Who Suffers Most?
Who Suffers Most?
Gendered Violence in Natural Disasters and their Aftermath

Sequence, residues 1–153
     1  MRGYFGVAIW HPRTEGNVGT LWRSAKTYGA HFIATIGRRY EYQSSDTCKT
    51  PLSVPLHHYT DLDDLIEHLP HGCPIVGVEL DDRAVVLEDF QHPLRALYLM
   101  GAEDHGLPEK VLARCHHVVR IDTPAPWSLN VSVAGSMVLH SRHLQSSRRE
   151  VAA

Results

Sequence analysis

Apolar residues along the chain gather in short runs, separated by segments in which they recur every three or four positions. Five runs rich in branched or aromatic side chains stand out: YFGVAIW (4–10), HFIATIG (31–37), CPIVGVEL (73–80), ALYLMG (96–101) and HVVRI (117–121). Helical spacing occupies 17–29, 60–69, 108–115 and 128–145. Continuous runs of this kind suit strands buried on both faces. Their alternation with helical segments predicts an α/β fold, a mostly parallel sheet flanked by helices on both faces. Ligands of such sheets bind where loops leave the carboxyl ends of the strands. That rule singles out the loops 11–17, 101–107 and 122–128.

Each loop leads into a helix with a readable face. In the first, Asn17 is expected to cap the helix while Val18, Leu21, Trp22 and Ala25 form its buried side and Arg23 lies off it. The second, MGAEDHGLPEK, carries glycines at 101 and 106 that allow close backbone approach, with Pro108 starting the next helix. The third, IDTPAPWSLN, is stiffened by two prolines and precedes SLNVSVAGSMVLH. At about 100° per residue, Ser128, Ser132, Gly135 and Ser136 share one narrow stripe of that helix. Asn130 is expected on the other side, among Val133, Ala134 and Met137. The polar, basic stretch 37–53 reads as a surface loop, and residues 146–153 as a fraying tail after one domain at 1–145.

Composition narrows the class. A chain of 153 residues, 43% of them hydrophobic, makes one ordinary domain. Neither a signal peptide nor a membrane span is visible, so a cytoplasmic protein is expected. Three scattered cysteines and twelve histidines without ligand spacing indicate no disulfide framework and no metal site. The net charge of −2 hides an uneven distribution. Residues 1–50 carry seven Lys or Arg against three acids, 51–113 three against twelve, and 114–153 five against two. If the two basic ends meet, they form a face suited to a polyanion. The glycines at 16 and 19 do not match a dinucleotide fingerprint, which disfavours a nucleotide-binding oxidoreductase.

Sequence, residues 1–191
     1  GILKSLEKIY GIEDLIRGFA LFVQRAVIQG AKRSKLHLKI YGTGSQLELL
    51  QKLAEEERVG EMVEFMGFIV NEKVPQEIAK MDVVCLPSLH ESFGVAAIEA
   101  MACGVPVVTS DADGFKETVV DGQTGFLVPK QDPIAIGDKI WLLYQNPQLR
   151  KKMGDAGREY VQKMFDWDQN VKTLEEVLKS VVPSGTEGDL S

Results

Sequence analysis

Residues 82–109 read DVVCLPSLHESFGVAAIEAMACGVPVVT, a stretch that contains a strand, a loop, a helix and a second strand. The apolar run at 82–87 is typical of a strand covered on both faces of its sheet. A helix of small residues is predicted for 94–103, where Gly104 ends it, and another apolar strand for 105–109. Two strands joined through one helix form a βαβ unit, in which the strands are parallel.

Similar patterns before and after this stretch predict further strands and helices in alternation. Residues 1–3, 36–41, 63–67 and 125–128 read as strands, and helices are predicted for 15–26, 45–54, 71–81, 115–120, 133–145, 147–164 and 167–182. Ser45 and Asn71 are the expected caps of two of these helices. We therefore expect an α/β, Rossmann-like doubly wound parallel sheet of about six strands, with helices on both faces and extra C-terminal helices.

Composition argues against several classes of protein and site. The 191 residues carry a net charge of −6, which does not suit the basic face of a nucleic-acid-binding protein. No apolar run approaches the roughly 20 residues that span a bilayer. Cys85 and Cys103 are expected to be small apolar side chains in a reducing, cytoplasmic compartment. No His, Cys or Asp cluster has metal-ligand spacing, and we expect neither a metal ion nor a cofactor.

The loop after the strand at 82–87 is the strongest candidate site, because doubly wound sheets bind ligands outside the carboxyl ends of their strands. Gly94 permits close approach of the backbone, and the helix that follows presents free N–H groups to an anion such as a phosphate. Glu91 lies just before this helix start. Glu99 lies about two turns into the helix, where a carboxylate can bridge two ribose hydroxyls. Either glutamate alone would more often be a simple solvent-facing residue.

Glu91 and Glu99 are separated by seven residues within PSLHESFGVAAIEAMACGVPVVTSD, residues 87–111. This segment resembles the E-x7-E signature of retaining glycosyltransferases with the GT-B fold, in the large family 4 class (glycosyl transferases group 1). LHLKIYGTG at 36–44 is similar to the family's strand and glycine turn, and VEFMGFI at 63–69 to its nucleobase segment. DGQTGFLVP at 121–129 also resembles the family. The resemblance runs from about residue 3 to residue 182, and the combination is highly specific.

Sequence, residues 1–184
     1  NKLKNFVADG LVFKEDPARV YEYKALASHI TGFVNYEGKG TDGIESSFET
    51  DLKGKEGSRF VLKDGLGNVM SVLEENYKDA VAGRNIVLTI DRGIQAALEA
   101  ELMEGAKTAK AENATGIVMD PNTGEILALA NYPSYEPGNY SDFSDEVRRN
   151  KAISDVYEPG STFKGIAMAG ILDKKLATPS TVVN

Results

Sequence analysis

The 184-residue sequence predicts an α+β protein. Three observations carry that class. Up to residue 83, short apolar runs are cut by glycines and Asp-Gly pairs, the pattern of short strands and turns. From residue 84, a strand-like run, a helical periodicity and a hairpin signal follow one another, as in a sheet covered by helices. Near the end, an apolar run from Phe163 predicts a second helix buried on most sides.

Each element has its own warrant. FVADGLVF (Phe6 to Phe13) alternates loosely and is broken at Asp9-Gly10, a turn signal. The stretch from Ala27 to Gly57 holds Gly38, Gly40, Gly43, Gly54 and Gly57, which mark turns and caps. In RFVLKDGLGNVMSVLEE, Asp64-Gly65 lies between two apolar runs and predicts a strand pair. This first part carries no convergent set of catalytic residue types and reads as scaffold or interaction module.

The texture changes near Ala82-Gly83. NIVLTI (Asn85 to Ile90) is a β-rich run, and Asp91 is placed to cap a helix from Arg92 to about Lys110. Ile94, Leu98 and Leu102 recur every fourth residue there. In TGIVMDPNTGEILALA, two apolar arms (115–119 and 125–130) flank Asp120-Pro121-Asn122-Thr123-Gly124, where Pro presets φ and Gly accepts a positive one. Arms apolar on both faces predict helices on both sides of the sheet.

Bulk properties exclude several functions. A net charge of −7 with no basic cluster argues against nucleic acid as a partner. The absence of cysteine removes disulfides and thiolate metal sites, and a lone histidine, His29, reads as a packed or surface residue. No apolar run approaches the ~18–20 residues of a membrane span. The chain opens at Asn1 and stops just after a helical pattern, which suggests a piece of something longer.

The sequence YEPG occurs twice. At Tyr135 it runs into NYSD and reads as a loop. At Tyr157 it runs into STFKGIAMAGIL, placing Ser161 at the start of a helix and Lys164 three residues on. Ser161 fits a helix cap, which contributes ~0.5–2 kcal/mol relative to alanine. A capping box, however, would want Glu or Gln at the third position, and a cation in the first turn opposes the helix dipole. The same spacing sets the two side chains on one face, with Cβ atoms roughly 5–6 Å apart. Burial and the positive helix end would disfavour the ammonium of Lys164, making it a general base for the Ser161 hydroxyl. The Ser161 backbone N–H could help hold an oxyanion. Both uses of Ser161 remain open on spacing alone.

Chapter 9 investigates how global environmental forces in the form of natural disasters from floods, droughts, and famines to earthquakes, tsunamis, and hurricanes affect the life expectancies of women and men differently. The first part of the chapter reveals that women's low social and economic status is a major determinant of their experiences during and after a disaster and conceptualizes natural disasters as social disasters that magnify existing, socially constructed inequalities and oppressions. Looking at the case of the South Asian tsunami disaster, the second part of the chapter investigates the gendered impact of the disaster in Sri Lanka and Aceh, Indonesia, in terms of mortalities, increases in gender-based violence, the impact of humanitarian relief, compensation schemes, and recovery programs after the tsunami and the agency of women compared with men in decisions about reconstruction and future disaster preparedness and planning. The third part of the chapter argues that gender-sensitive planning and deliberation involving women can prevent this violence and offers some lessons based on primary research of responses to the 2009–10 Christchurch earthquakes. The final part of the chapter draws implications from these natural disasters for climate change and its impact on gendered violence.
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